They say that good things come in threes, and in the design world, this phrase takes on even more significant meaning. “Grouping items in three is a great way to make your home feel more balanced,” designer Tracy Morris explains.
Items to style in a trio may include coffee table books, vases, or candles. However, sticking to three items total is by no means required. “I like to take it a step further and recommend grouping items in odd numbers,” Morris adds. “This gives you more freedom when accessorizing larger spots.”
Additionally, focusing solely on accent pieces is by no means required. “One of our favorite ways to incorporate the rule of three within spaces is through thoughtful lighting details,” designer Tracey Sawyer of Sawyer & Company says. “Pendant lighting is a great way to achieve the symmetry and balance within a space that this design rule promotes, bringing the eye upwards and adding a focal point that ties together the room.”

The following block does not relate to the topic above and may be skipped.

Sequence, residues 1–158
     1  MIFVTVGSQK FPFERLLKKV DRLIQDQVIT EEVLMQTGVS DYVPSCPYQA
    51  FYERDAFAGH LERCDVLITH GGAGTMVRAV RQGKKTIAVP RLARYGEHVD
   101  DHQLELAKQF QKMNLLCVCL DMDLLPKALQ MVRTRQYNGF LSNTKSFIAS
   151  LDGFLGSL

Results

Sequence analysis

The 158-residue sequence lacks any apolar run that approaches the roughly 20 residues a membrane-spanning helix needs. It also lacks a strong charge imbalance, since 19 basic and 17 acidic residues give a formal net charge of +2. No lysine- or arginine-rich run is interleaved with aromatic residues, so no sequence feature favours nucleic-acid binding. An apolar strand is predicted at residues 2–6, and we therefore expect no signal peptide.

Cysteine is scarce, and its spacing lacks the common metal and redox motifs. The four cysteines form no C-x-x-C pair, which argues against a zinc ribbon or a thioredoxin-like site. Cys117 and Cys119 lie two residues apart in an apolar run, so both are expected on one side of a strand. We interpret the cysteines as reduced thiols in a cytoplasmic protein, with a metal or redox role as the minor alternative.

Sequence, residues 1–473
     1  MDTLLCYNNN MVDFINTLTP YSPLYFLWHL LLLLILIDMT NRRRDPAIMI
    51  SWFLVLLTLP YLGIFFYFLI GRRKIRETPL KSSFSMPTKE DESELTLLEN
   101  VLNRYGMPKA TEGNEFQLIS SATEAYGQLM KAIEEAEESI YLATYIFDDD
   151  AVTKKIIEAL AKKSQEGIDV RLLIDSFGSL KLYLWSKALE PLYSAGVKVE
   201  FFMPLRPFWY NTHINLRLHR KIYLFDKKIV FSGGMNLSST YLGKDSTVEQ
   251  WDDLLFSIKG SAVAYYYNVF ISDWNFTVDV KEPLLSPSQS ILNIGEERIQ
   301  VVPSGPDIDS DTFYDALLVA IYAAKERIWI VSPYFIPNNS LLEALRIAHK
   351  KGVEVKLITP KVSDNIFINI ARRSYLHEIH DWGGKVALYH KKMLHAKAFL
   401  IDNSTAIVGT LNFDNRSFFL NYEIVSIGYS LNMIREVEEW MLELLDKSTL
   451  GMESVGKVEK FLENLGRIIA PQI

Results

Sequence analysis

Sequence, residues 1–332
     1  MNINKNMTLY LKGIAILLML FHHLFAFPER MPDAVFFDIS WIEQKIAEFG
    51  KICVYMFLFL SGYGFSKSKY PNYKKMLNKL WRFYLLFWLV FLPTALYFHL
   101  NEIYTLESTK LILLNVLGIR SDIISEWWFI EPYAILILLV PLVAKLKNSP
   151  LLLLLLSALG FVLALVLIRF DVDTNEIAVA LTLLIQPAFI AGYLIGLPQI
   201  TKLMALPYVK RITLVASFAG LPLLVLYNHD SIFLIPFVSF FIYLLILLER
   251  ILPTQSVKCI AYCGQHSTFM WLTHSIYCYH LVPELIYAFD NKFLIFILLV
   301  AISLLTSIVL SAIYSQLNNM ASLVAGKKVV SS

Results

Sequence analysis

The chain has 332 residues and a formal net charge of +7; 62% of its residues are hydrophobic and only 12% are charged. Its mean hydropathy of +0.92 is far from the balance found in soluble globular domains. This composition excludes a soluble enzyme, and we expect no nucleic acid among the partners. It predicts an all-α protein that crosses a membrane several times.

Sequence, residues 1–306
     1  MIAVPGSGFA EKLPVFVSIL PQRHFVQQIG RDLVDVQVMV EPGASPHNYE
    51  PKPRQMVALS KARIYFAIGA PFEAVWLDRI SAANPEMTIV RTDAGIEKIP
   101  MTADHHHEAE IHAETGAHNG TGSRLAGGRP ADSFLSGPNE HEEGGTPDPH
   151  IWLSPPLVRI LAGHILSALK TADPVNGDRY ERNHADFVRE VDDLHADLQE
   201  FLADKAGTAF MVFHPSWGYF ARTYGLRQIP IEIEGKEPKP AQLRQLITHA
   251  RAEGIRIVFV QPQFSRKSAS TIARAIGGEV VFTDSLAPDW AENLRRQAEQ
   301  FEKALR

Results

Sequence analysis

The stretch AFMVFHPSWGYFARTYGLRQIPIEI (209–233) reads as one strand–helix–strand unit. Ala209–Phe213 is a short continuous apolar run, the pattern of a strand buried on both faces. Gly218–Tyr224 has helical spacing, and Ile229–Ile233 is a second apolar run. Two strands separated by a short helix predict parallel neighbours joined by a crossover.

Sawyer advises hanging such a piece above a sofa or in a nook with a chair and side table.
Ready to get started? Morris says the key when styling is maintaining variety by incorporating different shapes, sizes, or colors. Adds designer Courtney Sempliner, “To achieve the perfect shelfie, try clustering three vases together, but with varying heights for visual interest. If items have similar heights, try placing a book—or three—underneath for elevation.”
When laying out a room, consider creating areas of interest within a larger space by grouping furniture based upon the rule of three, Sempliner adds. “For instance, group an armchair with a pair of nesting tables, or three bar stools in the kitchen," she says. "You can also apply the rule of three to your artwork by hanging three matching frames above your headboard as a loose triptych, or when installing a gallery wall.”
What’s great about this decorating technique is that nothing is permanent, and there is room for plenty of experimentation over time. “You can play around with things until it feels right, step back every once in a while and see how it looks from a distance or when entering the room,” Morris says. “This should be a fun process and is easy to swap out if you want to change the space up a bit."